Keeping Control When a Steer Steps Left
Keeping your horse in his lane when a steer steps left is key to helping the run come together faster. 
Steer Steps Left

Maintaining Width

On this run, I kept my width when the steer stepped into me after I threw. I had to stay in my lane to keep the momentum of the run the same. Through the corner, it should be nose, shoulders, then hips for my horse. So to keep that, I’m neck reining him, and I use my feet to move his rib cage over. You can tell in this picture, I didn’t do that last part with his hips. I got his shoulders and his nose into a good spot, and I need to ride his hip better.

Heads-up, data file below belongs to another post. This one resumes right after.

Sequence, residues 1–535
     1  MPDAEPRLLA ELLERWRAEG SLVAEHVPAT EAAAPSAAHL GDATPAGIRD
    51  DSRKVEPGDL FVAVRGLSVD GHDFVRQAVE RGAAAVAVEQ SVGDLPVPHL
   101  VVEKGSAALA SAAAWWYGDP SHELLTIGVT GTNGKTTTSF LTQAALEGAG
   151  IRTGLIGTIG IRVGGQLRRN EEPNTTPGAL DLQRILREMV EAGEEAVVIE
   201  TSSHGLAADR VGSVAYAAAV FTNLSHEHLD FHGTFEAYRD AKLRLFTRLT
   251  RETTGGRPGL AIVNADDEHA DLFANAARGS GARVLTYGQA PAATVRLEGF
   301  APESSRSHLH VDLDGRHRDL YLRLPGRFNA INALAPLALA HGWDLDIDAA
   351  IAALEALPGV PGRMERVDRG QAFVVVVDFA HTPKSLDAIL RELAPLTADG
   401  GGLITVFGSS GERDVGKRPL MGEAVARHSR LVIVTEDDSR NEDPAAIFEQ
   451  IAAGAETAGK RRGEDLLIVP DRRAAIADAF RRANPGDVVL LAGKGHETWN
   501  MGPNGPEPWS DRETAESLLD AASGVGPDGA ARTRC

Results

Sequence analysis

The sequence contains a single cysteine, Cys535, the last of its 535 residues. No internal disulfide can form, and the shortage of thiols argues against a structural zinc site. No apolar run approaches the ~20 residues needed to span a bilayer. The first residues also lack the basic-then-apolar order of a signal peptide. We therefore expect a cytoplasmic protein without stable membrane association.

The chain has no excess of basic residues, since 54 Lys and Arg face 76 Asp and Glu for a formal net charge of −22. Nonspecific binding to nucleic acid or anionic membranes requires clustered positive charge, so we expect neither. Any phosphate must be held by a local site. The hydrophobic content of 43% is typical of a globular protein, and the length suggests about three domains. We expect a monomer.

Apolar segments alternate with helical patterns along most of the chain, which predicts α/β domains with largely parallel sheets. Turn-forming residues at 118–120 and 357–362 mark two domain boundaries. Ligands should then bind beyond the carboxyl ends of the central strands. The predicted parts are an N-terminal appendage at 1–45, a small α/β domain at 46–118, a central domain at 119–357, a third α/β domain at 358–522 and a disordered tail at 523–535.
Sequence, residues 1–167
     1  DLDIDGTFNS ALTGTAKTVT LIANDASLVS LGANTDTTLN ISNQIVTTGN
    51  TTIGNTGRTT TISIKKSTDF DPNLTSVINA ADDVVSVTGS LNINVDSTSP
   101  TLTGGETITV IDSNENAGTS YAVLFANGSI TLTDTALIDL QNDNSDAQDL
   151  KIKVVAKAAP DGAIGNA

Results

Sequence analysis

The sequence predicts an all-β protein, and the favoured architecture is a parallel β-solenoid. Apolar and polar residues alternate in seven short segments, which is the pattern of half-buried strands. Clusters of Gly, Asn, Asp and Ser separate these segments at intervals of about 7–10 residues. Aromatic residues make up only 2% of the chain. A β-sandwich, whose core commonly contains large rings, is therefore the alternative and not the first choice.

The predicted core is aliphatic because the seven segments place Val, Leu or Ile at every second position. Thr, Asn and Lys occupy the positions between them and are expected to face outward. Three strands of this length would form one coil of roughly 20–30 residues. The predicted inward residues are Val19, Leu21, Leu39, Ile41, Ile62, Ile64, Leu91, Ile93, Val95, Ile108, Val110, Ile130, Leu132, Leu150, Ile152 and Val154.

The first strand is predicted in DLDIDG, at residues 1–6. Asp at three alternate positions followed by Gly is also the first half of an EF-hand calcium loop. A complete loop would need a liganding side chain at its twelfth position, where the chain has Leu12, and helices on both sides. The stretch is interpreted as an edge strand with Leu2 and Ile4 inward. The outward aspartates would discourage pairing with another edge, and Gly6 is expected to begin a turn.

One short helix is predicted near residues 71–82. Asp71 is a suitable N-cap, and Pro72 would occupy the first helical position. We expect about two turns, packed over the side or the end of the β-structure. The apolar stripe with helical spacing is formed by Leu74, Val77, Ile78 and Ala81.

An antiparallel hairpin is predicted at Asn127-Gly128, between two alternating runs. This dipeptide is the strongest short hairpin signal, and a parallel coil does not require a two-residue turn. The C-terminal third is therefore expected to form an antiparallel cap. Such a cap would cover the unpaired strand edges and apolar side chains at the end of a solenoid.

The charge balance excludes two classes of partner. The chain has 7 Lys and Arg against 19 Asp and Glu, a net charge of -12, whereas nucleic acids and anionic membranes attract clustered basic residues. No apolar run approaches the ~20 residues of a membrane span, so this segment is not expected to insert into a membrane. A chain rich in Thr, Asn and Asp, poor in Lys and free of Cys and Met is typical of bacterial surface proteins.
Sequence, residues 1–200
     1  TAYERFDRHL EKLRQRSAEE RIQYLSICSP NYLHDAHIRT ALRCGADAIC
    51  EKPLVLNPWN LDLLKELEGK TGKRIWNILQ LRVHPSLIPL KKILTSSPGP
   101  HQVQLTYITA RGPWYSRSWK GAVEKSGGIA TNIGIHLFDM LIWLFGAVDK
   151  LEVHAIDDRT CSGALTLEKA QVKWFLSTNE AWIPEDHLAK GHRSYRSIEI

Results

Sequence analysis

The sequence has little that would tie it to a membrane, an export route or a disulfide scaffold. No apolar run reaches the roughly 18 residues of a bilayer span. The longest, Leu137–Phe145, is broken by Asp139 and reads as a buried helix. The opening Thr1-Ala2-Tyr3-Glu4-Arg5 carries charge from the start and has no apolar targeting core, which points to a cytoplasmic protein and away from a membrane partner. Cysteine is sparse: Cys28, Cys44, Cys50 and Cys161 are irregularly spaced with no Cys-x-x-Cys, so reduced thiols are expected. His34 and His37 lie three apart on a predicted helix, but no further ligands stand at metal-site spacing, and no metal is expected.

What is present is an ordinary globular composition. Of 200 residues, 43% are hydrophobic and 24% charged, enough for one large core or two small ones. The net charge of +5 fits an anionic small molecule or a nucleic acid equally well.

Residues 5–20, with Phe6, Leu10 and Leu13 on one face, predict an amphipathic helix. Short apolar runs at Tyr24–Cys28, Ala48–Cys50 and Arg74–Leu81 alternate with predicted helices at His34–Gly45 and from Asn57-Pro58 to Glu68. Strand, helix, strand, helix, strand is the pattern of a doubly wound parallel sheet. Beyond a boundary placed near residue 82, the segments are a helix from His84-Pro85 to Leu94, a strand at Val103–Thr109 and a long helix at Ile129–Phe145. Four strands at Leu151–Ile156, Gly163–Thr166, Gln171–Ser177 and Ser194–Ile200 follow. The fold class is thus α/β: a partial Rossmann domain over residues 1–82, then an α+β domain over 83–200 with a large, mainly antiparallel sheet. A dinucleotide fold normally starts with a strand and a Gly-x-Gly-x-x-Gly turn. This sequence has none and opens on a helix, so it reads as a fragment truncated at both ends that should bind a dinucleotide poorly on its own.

World Series of Team Roping Finale Practice Plan with Kolton Schmidt

Why Hips Matter

My horse is kicking his hips to the cow in this photo because I didn’t ride him with my feet through the corner. I wish he were keeping his hips and his shoulders in the same lane. If his hips are to the cow, that causes him to hit on the front end. A lot of times, on the second hop, the steer’s head is given back and it’s a lot harder for my heeler to throw fast. 

Better Contact

I have good contact on my horse’s face, but I wish I were riding the center of my horse’s neck a little better so he comes back to me. I want his face and his withers coming back to me, with his hips following to keep the steer on the end of the rope and give the heeler a place to ride to.

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